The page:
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Open AccessArticle

High Prevalence of Vitamin D Deficiency in Cambodian Women: A Common Deficiency in a Sunny Country

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International Life Sciences Institute, South East Asia Region, 9 Mohamed Sultan Road #02-01, Singapore 238959, Singapore
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Essential Micronutrients Foundation, 3 Pickering Street, #02-36 Nankin Row, China Square Central, Singapore 048660, Singapore
3
Cardio Metabolic Institute, Medicine, Endocrinology & Nutrition, 661 Darmody Avenue, North Brunswick, NJ 08902, USA
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United Nations Children’s Fund (UNICEF), Maternal, Newborn and Child Health and Nutrition Section, No. 11 street 75, Phnom Penh 12202, Cambodia
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National Nutrition Program, Maternal and Child Health Center, No. 31A, Rue de France (St. 47), Phnom Penh 12202, Cambodia
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ICF International, 530 Gaither Road, Suite 500, Rockville, MD 20850, USA
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Department of Fisheries Post-harvest Technologies and Quality control (DFPTQ), Fisheries Administration, Ministry of Agriculture, Forestry and Fisheries (MAFF), 186 Preah Norodom Boulevard, Phnom Penh 12000, Cambodia
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Nutrition, Exercise and Sports, University of Copenhagen, Bülowsvej 17, Frederiksberg C DK-1870, Denmark
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University of the Philippines, Diliman, Quezon City 1101, Philippines
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Institute of Research for Development (IRD), UMR Nutripass IRD-UM2-UM1, Montpellier 3400, France
*
Author to whom correspondence should be addressed.
These authors contributed equally to this work.
Nutrients 2016, 8(5), 290; https://doi.org/10.3390/nu8050290
Received: 15 December 2015 / Revised: 8 April 2016 / Accepted: 21 April 2016 / Published: 12 May 2016
(This article belongs to the Special Issue Nutrients and National Strategies to Impact Health)
Recent studies have shown that in spite of being generally close to the equator; vitamin D deficiency is common in South East Asian countries. In order to quantify micronutrient status for women and children in Cambodia; a nationally-representative survey was conducted in 2014 linked to the Cambodian Demographic Health Survey. The countrywide median of 25(OH)D was, respectively, 64.9 and 91.1 nmol/L for mothers and children. Based on The Endocrine Society cutoffs (>50<75 nmol/L = insufficiency; ≤50 nmol/L = deficiency); 64.6% of mothers and 34.8% of their children had plasma vitamin D concentrations indicating insufficiency or deficiency. For deficiency alone, 29% of the mothers were found to be vitamin D deficient, but only 13.4% of children. Children who live in urban areas had a 43% higher rate of vitamin D insufficiency versus those who live in rural areas (OR; 1.434; 95% CI: 1.007; 2.041). However, such differences were not observed in their mothers. The high prevalence of vitamin D deficiency is likely in part due to lifestyle choices, including sun avoidance, increasingly predominant indoor work, and covered transport. These survey findings support the need for a broader national Cambodian study incorporating testing of adult men, adolescents and the elderly, and encompassing other parameters such as skeletal health. However, the data presented in this study already show significant deficiencies which need to be addressed and we discuss the benefit of establishing nationally-mandated food fortification programs to enhance the intake of vitamin D. View Full-Text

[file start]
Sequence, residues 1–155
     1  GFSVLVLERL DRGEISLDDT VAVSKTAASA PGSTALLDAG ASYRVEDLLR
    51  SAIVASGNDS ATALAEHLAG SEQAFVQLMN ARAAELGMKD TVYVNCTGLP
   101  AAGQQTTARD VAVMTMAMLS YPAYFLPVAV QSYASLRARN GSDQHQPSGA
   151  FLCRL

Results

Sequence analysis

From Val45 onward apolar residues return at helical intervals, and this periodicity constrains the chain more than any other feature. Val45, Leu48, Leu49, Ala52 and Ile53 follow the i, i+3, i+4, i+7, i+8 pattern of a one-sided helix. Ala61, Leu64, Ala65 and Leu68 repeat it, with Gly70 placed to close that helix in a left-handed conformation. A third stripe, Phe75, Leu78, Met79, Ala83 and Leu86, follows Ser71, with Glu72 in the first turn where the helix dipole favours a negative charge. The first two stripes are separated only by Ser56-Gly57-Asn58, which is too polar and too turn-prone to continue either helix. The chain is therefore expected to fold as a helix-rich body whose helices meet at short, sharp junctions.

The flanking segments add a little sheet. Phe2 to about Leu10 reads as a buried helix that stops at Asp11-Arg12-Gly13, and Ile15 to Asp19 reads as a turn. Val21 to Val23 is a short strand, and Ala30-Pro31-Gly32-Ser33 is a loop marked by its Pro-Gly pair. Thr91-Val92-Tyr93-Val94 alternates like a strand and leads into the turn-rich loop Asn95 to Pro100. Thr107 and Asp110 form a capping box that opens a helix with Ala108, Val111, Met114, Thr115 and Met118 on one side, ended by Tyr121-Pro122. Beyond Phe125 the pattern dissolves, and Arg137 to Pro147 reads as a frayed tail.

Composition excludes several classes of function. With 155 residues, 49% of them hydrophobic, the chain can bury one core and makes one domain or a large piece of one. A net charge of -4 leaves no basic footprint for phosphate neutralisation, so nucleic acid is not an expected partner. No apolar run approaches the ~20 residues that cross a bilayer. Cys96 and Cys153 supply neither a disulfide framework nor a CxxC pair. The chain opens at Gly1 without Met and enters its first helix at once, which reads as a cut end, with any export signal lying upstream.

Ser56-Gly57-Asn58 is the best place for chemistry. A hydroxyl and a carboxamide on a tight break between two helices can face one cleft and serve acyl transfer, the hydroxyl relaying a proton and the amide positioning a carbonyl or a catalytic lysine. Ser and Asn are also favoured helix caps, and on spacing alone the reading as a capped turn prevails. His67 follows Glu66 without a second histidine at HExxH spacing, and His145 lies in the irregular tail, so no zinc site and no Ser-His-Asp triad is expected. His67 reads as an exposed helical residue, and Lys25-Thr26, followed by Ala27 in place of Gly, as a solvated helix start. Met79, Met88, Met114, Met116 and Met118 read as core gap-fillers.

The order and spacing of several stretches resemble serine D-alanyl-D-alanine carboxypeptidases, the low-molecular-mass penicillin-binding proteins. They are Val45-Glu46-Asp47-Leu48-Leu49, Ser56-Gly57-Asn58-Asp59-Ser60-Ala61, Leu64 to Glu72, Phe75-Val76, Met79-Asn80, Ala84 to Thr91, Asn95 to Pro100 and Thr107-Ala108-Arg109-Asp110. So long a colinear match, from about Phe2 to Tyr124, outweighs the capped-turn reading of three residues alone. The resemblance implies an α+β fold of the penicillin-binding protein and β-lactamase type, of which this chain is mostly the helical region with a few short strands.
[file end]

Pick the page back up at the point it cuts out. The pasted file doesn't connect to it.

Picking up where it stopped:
Keywords: vitamin D; national survey; Cambodia; Demographic Health Survey Nutrition; South East Asia vitamin D; national survey; Cambodia; Demographic Health Survey Nutrition; South East Asia
MDPI and ACS Style

Smith, G.; Wimalawansa, S.J.; Laillou, A.; Sophonneary, P.; Un, S.; Hong, R.; Poirot, E.; Kuong, K.; Chamnan, C.; De los Reyes, F.N.; Wieringa, F.T. High Prevalence of Vitamin D Deficiency in Cambodian Women: A Common Deficiency in a Sunny Country. Nutrients 2016, 8, 290.

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